February: Book Round-Up

February was an absolute great month for reading. I read eleven books this month! My goal is to read 100 books this year or a minimum of one book a week. Who knows? I might surpass that goal. This is encouraging since I originally set my goal to read a book a week but I knew I could read more than that with the fabulous selection of books that are coming out and what novels I have on my shelf at home.

I am also making a point to read books that I would normally not pick up. I highly recommend getting gout of the comfort zone a bit. A whole new world will open up and you will defiantly expand your critical thinking. 

What books did you read this month and what are you looking forward to in March?

This book was out of my comfort zone a bit: A Conventicle of Magpies by L.M.R. Clarke

The Nature of Fragile Things by Susan Meissner

Re-Read: No One’s Home by D.M. Pulley

Sunflower Sisters (Lilac Girls, #3) by Martha Hall Kelly

Re-Read: That Summer by Lauren Willig

Heartbreak Hotel by Jonathan Kellerman

The Gilded Hour (The Waverly Place #1) by Sara Donati

Another book was out of my comfort zone a bit: The Never List by Koethi Zan

The Princess Spy: The True Story of World War II Spy Aline Griffith, Countess of Romanones by Larry Loftis

What a quirky fun read! 84, Charing Cross Road by Helene Hanff

This one took me a while to get through: Finding Dora Maar: An Artist, an Address Book, a Life by Brigitte Benkemoun

January Book Round-Up / Books Aplenty: March Reading Forecast

Image of the Month: Dante Gabriel Rossetti – Proserpine

Dante Gabriel Rossetti-Proserpine (1874) (Image courtesy of Wikimedia)

This month, I re-visited a book called, That Summer by Lauren Willig and quite a few memories of reading her story beforehand and previously studying the Pre-Raphaelite Brotherhood came flooding back. Then it hit me, Rossetti’s Proserpine painting (1874) is among my favorites! I quickly did an on-line search and found the picture with some information. What is extraordinary is that, before the second sleep recommended via email that I might consider featuring a painting from the Pre-Raphaelites, the very weekend I read Willig’s book. Isn’t it funny how things work out sometimes?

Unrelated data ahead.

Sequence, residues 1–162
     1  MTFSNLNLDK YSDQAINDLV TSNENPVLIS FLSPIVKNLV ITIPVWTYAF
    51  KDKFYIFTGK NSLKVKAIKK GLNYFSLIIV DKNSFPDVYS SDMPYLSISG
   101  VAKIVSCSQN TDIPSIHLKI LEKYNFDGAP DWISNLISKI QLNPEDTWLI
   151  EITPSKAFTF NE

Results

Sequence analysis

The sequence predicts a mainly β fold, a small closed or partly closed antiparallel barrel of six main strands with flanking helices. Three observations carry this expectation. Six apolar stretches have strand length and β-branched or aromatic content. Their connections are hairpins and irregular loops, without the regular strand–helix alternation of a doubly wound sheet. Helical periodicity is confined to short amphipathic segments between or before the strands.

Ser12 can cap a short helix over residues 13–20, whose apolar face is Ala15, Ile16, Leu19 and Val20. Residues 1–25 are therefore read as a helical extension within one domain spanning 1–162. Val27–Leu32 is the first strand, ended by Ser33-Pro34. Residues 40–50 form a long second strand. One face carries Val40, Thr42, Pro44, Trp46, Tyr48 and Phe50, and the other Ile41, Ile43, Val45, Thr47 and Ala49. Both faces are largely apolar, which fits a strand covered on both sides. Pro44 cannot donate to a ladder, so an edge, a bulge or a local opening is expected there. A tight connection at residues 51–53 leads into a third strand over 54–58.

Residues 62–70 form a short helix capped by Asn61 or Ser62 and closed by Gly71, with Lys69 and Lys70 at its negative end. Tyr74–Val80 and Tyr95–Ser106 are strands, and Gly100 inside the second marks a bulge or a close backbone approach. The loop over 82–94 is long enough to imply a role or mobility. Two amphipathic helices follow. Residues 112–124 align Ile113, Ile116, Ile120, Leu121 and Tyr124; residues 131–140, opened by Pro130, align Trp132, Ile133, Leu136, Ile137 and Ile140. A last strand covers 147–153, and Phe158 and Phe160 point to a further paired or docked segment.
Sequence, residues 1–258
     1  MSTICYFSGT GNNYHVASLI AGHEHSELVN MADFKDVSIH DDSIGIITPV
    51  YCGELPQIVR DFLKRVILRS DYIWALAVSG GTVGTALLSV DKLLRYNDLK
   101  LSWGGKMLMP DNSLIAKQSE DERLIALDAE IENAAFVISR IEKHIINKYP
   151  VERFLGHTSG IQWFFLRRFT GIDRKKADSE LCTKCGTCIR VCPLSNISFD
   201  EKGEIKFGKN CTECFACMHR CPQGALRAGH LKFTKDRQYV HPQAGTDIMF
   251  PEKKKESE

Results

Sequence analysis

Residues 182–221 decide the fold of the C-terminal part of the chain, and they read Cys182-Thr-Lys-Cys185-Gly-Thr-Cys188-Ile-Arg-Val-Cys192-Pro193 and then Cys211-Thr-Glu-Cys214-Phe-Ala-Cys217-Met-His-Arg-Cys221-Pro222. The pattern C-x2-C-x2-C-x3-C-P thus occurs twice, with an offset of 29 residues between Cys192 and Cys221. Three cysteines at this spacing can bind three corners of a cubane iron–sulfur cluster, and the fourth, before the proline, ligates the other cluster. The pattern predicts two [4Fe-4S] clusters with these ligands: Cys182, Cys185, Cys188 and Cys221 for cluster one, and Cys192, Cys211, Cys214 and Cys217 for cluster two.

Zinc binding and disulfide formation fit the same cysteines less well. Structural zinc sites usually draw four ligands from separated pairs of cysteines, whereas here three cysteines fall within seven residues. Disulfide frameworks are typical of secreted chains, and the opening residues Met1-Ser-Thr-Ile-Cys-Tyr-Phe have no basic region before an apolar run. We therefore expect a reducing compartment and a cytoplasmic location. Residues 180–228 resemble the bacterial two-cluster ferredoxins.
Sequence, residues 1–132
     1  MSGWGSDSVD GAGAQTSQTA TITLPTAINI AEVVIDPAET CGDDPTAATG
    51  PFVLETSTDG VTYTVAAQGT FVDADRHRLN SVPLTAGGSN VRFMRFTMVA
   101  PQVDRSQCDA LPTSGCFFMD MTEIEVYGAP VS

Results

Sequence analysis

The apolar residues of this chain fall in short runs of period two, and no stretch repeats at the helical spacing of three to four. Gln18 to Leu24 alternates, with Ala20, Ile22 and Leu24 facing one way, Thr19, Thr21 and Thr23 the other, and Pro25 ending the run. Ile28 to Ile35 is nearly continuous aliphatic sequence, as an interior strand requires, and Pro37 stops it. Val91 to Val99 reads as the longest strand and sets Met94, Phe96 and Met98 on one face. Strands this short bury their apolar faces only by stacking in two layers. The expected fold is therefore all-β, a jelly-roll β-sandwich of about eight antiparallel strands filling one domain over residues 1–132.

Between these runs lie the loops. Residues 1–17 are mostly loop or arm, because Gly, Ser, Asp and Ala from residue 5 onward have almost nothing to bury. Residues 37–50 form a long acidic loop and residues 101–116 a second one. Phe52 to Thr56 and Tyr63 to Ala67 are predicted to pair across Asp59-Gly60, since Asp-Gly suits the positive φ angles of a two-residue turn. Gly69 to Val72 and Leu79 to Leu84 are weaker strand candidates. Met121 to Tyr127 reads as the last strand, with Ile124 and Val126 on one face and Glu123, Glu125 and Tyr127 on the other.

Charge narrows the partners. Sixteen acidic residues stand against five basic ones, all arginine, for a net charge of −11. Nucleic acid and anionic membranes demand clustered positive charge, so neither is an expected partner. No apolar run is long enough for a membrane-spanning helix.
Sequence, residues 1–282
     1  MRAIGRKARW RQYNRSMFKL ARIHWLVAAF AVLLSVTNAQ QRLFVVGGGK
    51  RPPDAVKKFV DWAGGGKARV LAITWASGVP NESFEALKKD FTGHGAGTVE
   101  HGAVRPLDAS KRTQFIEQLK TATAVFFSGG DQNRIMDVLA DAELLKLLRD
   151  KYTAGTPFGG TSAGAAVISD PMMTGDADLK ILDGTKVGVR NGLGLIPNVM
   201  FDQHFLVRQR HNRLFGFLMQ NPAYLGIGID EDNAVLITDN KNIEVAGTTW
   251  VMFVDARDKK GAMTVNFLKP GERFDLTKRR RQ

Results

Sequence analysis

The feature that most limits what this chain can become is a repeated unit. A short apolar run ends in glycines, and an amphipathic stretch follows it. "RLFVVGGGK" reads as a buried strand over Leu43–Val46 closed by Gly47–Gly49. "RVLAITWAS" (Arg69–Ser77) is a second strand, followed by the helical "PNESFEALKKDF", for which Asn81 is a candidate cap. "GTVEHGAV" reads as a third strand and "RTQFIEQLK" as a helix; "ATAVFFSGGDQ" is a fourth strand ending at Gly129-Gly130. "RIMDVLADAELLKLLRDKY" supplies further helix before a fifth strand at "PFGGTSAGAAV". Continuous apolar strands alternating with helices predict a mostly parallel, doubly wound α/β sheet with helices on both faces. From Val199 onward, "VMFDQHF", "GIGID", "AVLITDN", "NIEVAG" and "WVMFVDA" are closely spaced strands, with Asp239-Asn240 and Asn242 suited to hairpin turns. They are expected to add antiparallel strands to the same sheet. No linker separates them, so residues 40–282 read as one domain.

Victorians are known for their dramatic romantic notions, take on mortality and among other things…For instance, death was on their mind quite often to say the least. How they died and the afterlife was extremely important to them. Rightly so during the 19th century both in England and America.

Dante Gabriel Rossetti often created his art based on his own experiences in life and love. In this painting, Proserpina is the queen of the underworld and the wife of Pluto. She was abducted by Pluto and her mother Ceres cast a famine on earth until her daughter was returned. The fruit Proserpina holds represents death. Anyone who ate it had to stay in the underworld for the rest of their life. Imagine that! As the story goes, Pluto made an agreement to release Proserpine back to her mother once a year.

Rossetti founded the Pre-Raphaelite Brotherhood in 1848 along with William Holman Hunt and John Everett Millais. A group of English painters, poets and art critics who showed extraordinary talent. They formed the Brotherhood that was inspired by a rejection of the essence of art that the Royal Academy, London was promoting at the time.The members included William Holman Hunt, John Everett Millais, Dante Gabriel Rossetti, William Michael Rossetti, James Collinson, Frederic George Stephens and Thomas Woolner. Am I leaving anyone out?

They are widely known for turning back to lavish detail (such as using props), vibrant color and complex compositions. What really stands out to me are the themes and characters drawn from of literature in history, folklore and Greek mythology. You will also find these artists believed a return to nature was paramount.

Many renown authors such as Dante, Spenser, Shakespeare, Keats and Scott inspired their art. To this day these artist’s paintings are still well-known. Many of you will be familiar with Edward Burne-Jones-The Beguiling of Merlin-which is on the book cover of Possession by A.S. Byatt. The story happens to have set in a dual time-line of 19th and 20th Century. “A novel of wit and romance, at once an intellectual mystery and triumphant love story. It is the tale of a pair of young scholars researching the lives of two Victorian poets. As they uncover their letters, journals, and poems, and track their movements from London to Yorkshire—from spiritualist séances to the fairy-haunted far west of Brittany—what emerges is an extraordinary counterpoint of passions and ideas.” There was also a movie made in 2002 based on this book starring Gwyneth Paltrow, Aaron Eckhart, Jeremy Northam, Jennifer Anne Ehl, Game of Thrones Lena Headey and other notable actors. There is a particular scene where Jennifer Anne Ehl (Christabel Lamotte) is modeling for Lena Headey’s (Blanche Glover) painting and she is in a medieval custom. Very Pre-Raphaelite feel. I highly recommend both book and movie.

One can seriously go down a rabbit hole exploring Classic Literature and Art History. I haven’t even begun to scratch the surface!

See also beforethesecondsleep’s Image of the Month: Edward, the Black Prince

Stephanie Hopkins

The sources come from Wikipedia, Wikimedia (Image: Proserpine painting) the free encyclopedia and my own independent studies. The description of Possession by A.S. Byatt is from goodreads.

Be sure to take a look at January’s Image of the Month: By the Water’s Edge. I include half of a poem I have written.